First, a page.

Questions: Understanding the mechanisms underlying the impacts of exotic plant invasions is a central issue in plant ecology. Considering the invasion process, any alteration of the nutrient cycle is of fundamental importance. We hypothesized that the woody N-fixing invasive Amorpha fruticosa is indirectly depleting plant diversity by altering ecosystem functions of riverine grasslands, thus producing a conspicuous shift in species composition. Location: Temperate lowland riparian areas of northeast Italy. Methods: In 12 sites, we selected uninvaded, partially invaded, and invaded grasslands (36 plots). In each plot, we performed a vegetation relevé, measured main A. fruticosa growth traits, light transmittance and soil features. We studied the effects of the invasion of A. fruticosa on grassland properties and plant diversity, examining the interactions between soil nutrient cycles, light availability and plant diversity. Results: Increased abundance of A. fruticosa affected main soil properties (i.e. increase in soil mineralization and nitrification) and light availability (i.e. decrease in light). The δ15N of soil organic matter was strongly related to A. fruticosa basal area, thus supporting the hypothesis of an increase in soil nitrogen (N) availability due to invasion by the N-fixer. Plant taxonomical and functional diversity decreased significantly as A. fruticosa cover increased. Plant diversity was more related with N than light availability or soil organic carbon. Similarly, the shift in species composition (i.e. beta diversity) of invaded grasslands was related to increased soil nitrification rates. Conclusions: Our findings show how a nitrogen-fixing invasive plant such as A. fruticosa may influence the main ecosystem properties, causing cascading effects on soil functions, decreasing plant diversity. Alteration of the N cycle represents the key process involved in this plant invasion, suggesting that further studies should focus on potential solutions to mitigate the soil N supply, curb the invasion and restore plant diversity of these riverine grasslands.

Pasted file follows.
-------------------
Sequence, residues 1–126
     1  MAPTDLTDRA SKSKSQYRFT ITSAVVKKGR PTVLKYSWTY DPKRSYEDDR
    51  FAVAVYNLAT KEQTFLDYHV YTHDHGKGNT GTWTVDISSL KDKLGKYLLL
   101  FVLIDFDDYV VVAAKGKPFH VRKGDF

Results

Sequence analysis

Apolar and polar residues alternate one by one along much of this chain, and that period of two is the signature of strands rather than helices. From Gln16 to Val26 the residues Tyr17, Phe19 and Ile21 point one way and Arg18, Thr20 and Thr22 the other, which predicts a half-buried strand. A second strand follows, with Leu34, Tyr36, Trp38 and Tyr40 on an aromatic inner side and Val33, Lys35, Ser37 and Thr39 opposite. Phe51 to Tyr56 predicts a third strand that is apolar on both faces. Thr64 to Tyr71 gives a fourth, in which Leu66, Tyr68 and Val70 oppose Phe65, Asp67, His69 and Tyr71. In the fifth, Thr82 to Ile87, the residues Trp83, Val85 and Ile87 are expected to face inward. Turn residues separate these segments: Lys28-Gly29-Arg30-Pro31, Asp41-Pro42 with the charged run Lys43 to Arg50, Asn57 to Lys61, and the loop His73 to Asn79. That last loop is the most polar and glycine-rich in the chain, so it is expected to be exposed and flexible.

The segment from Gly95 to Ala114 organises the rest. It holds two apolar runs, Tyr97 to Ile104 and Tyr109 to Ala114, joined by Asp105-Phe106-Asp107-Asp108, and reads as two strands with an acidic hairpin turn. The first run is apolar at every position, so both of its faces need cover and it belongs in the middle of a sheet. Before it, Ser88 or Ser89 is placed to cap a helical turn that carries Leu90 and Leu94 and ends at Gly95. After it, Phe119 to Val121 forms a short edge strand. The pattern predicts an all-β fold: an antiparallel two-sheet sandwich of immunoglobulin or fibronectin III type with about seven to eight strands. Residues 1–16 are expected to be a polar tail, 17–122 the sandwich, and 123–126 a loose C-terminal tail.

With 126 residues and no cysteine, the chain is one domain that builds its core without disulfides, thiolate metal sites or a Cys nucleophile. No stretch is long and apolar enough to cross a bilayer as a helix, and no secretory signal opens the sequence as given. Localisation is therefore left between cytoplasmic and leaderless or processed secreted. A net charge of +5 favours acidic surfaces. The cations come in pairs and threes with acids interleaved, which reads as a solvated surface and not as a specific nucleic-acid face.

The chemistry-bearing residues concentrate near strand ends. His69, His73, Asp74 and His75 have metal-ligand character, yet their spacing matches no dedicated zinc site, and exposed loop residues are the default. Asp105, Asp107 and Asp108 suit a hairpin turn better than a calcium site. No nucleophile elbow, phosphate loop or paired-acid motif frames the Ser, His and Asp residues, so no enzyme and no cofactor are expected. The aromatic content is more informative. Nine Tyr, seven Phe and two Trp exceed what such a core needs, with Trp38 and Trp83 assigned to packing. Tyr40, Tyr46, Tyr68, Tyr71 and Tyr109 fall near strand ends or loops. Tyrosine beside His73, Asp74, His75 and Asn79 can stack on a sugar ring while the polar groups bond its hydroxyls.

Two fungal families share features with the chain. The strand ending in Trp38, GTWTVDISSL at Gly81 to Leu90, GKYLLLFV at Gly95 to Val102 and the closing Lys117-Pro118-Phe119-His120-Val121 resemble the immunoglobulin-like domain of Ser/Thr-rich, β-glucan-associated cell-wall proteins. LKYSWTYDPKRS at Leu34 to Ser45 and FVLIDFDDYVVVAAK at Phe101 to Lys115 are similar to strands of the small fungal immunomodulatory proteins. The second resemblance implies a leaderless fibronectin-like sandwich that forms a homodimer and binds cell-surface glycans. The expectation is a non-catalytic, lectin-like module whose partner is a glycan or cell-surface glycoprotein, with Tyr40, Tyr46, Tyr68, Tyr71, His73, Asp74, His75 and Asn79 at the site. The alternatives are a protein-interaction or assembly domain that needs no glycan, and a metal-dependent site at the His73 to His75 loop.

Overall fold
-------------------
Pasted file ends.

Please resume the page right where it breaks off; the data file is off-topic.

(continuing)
Cascading effects from plant to soil elucidate how the invasive Amorpha fruticosa L. impacts dry grasslands

Boscutti F.;Pellegrini E.;Casolo V.;de Nobili M.;Alberti G.
2020-01-01

Abstract

Questions: Understanding the mechanisms underlying the impacts of exotic plant invasions is a central issue in plant ecology. Considering the invasion process, any alteration of the nutrient cycle is of fundamental importance. We hypothesized that the woody N-fixing invasive Amorpha fruticosa is indirectly depleting plant diversity by altering ecosystem functions of riverine grasslands, thus producing a conspicuous shift in species composition. Location: Temperate lowland riparian areas of northeast Italy. Methods: In 12 sites, we selected uninvaded, partially invaded, and invaded grasslands (36 plots). In each plot, we performed a vegetation relevé, measured main A. fruticosa growth traits, light transmittance and soil features. We studied the effects of the invasion of A. fruticosa on grassland properties and plant diversity, examining the interactions between soil nutrient cycles, light availability and plant diversity. Results: Increased abundance of A. fruticosa affected main soil properties (i.e. increase in soil mineralization and nitrification) and light availability (i.e. decrease in light). The δ15N of soil organic matter was strongly related to A. fruticosa basal area, thus supporting the hypothesis of an increase in soil nitrogen (N) availability due to invasion by the N-fixer. Plant taxonomical and functional diversity decreased significantly as A. fruticosa cover increased. Plant diversity was more related with N than light availability or soil organic carbon. Similarly, the shift in species composition (i.e. beta diversity) of invaded grasslands was related to increased soil nitrification rates. Conclusions: Our findings show how a nitrogen-fixing invasive plant such as A. fruticosa may influence the main ecosystem properties, causing cascading effects on soil functions, decreasing plant diversity. Alteration of the N cycle represents the key process involved in this plant invasion, suggesting that further studies should focus on potential solutions to mitigate the soil N supply, curb the invasion and restore plant diversity of these riverine grasslands.
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Utilizza questo identificativo per citare o creare un link a questo documento: https://hdl.handle.net/11390/1186823
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